Barrick raises dividend as profit soars on strong gold prices

Barrick raises dividend as profit soars on strong gold prices
The North Mara gold mine is one of the three operations Barrick has in Tanzania. (Image courtesy of Twiga Minerals | Instagram.)

Canadian miner Barrick Gold (TSX: ABX) (NYSE: GOLD) posted a near three-fold jump in quarterly adjusted profit on Thursday and increased its dividend, benefiting from a surge in gold prices fuelled by widespread coronavirus stimulus measures unveiled globally.

Higher prices of precious metals, including gold’s surge to a record high above $2,000 an ounce earlier this year, have offered miners a lifeline after the covid-19 pandemic disrupted supply chains and mining operations.

Barrick said average realized gold prices rose to $1,926 per ounce in the third quarter ended Sept. 30 from $1,476 per ounce a year earlier.

Higher prices of precious metals have offered miners a lifeline after the covid-19 pandemic disrupted supply chains and mining operations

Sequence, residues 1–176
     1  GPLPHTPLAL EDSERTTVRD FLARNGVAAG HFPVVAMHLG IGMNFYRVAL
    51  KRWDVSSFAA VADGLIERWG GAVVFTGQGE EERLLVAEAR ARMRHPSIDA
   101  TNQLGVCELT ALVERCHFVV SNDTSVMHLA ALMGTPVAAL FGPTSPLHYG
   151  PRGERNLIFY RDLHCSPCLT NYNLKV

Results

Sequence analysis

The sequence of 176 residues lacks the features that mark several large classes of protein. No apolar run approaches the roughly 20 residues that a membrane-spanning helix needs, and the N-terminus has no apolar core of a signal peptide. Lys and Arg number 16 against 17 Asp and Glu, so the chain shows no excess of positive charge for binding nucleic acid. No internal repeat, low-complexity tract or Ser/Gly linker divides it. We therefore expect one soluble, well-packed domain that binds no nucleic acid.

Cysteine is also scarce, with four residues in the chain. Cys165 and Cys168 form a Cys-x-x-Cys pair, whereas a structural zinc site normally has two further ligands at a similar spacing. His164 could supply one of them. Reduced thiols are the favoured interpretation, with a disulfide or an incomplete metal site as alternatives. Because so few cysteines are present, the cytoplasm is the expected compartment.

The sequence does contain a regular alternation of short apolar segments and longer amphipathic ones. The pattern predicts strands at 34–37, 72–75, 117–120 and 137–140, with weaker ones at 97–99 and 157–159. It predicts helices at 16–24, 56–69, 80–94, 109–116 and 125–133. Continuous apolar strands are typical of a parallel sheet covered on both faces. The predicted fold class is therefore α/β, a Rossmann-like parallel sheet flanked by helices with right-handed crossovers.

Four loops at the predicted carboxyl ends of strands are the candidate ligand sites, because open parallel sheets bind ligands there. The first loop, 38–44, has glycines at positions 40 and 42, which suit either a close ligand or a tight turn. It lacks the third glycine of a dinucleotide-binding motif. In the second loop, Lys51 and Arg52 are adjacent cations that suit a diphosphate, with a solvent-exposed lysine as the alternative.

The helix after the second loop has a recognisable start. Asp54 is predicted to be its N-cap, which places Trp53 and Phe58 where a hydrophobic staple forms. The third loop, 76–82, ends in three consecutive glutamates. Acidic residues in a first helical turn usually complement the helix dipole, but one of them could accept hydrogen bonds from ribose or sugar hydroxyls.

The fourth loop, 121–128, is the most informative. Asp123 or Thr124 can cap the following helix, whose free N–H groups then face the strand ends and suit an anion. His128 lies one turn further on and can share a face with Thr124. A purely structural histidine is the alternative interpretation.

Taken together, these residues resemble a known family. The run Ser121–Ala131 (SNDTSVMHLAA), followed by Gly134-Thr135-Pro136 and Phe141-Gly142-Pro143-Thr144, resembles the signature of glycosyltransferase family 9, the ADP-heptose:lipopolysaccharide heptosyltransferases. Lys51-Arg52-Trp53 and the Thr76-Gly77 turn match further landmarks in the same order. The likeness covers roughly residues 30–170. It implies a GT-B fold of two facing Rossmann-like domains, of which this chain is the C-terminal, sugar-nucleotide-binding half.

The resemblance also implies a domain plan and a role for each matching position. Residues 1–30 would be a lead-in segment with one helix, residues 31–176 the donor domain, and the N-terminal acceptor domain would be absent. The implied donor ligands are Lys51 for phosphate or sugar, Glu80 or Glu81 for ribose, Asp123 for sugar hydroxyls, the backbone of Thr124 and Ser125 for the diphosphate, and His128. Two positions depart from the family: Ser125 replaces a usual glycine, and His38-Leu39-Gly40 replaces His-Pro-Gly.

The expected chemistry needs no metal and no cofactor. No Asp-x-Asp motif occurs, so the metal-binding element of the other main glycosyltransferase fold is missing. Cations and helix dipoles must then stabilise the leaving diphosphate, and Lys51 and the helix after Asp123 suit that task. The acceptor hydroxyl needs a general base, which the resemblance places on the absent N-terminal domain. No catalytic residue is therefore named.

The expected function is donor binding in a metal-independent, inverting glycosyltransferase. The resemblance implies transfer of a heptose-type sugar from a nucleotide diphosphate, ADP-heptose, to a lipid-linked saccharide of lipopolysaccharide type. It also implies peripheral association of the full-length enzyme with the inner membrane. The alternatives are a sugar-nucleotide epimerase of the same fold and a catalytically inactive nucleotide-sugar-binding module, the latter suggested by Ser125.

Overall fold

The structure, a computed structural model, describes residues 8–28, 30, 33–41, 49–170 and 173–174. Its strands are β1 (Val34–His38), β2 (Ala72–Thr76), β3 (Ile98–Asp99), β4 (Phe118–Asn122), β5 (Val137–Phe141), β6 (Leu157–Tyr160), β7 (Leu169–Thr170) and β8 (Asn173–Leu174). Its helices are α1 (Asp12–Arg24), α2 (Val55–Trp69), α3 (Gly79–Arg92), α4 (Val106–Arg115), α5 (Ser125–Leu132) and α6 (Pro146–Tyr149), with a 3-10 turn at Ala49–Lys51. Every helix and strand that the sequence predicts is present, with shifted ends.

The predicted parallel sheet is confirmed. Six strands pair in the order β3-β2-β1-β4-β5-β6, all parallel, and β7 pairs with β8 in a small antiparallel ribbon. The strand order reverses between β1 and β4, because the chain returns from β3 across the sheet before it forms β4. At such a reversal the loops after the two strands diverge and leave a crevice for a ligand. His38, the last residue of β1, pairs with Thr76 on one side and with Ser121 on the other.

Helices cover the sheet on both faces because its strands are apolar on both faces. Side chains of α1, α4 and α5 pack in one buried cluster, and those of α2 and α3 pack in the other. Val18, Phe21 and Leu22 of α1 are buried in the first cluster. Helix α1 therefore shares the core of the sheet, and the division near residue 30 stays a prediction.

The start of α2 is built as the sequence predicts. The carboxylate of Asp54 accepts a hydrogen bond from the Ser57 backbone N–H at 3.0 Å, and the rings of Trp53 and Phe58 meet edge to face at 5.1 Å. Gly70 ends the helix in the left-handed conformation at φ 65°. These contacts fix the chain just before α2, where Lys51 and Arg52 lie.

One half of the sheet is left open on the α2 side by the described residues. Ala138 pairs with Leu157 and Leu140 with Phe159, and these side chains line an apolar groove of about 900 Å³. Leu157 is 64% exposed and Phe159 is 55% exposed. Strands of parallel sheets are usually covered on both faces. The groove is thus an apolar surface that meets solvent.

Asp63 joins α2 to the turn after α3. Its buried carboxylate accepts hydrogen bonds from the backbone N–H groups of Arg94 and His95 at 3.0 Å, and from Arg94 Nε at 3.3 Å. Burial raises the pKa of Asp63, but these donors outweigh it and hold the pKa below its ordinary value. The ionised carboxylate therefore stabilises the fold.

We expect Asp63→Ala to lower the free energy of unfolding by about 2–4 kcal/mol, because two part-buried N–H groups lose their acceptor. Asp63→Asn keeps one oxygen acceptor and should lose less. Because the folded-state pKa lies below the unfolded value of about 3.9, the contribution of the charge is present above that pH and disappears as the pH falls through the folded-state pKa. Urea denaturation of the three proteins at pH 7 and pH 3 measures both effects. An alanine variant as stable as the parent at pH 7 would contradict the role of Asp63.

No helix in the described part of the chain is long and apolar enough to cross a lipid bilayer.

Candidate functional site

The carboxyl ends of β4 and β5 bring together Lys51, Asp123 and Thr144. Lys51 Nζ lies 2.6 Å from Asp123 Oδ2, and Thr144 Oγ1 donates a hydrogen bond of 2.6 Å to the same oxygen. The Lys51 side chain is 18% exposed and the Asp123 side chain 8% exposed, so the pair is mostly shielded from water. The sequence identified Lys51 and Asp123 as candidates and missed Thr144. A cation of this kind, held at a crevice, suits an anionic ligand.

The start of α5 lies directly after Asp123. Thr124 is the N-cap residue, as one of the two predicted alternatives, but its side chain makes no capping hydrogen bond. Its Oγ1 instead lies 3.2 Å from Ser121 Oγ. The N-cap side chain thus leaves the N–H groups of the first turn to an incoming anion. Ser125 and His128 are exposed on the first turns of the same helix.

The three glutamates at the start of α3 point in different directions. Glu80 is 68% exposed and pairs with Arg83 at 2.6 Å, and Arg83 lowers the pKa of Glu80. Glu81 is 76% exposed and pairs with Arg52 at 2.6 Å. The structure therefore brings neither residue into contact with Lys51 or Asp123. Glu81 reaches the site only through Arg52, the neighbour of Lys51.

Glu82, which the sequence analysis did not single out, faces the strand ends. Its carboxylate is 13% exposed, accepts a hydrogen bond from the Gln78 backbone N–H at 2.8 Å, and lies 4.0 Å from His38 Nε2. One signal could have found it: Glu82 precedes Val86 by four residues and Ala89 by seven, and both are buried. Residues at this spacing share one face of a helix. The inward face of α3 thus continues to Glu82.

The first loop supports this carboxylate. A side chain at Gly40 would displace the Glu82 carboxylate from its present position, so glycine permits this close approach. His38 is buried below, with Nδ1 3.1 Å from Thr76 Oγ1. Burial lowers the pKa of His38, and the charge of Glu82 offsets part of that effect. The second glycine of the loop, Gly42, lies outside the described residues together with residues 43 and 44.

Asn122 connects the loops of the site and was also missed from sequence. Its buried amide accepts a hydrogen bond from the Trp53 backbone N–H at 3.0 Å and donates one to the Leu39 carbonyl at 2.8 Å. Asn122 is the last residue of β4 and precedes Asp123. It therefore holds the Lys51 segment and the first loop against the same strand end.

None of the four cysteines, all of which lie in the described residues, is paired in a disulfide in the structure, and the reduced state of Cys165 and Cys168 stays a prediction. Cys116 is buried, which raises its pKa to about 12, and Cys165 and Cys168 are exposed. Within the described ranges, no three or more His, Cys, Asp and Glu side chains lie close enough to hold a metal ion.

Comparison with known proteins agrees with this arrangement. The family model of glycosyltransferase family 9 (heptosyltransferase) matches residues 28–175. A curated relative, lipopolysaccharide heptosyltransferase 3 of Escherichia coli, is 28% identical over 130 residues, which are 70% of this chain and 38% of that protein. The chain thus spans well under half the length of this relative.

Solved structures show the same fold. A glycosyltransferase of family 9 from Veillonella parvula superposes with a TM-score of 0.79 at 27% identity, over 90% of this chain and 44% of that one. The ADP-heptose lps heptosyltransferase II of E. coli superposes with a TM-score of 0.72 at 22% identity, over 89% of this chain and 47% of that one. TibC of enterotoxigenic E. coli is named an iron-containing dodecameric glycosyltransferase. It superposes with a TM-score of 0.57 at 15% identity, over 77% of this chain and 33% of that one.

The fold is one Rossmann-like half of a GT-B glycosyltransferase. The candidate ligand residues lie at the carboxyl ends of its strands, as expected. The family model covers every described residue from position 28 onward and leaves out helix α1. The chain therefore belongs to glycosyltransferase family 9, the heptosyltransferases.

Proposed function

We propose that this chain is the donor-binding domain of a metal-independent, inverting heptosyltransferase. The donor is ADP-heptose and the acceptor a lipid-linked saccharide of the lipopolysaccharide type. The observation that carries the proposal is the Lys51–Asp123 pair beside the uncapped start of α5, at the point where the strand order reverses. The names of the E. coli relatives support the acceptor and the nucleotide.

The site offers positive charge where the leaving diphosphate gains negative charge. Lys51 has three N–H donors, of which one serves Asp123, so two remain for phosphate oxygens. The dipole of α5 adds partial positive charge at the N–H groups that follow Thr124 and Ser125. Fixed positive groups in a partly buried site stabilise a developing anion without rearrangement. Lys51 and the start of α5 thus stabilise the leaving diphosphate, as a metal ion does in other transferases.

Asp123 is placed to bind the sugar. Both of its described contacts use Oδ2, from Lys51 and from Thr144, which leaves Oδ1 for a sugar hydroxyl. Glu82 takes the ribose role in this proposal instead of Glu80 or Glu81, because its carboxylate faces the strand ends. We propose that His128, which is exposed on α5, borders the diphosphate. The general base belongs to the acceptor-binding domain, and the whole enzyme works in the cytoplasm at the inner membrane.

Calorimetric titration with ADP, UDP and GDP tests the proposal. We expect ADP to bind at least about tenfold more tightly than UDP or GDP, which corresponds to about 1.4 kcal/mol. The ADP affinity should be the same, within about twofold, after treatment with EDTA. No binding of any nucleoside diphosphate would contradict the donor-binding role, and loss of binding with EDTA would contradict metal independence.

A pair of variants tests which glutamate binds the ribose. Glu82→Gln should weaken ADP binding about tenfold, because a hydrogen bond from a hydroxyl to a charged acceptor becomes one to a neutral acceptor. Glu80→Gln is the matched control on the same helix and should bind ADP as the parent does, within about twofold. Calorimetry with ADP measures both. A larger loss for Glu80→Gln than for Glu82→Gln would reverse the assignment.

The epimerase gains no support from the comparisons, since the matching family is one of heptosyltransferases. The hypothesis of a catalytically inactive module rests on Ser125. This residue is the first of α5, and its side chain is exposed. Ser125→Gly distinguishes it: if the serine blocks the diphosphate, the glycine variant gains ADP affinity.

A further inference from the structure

However, gold production, as expected, fell to 1.16 million ounces from 1.3 million ounces as the miner’s Porgera project in Papua New Guinea remained shut during the period.

In a recent development, Papua New Guinea and Barrick agreed in principle over Porgera, with Barrick Niugini Ltd set to remain operator of the project.

Barrick declared a dividend of 9 cents per share, a 12.5% increase on the previous quarter’s dividend.

The Toronto-based company’s adjusted profit rose to $726 million, or 41 cents per share, in the third quarter, from $264 million, or 15 cents per share, a year earlier.

Mali

Barrick Gold does not see a big risk of Mali changing its mining conventions, its chief executive said, after Mali’s interim president said the country aimed to review mining contracts signed during previous administrations.

The country is one of Africa‚Äôs largest gold producers. Companies operating in the country include Barrick Gold Corp and AngloGold Ashanti and Resolute Mining.

“It’s acceptable that the new government would want to query any transactions that might have been done in the back end of the previous regime,” Chief Executive Mark Bristow told Reuters. “I don’t see it as a sinister situation at all.”

(By Arundhati Sarkar; Editing by Subhranshu Sahu)

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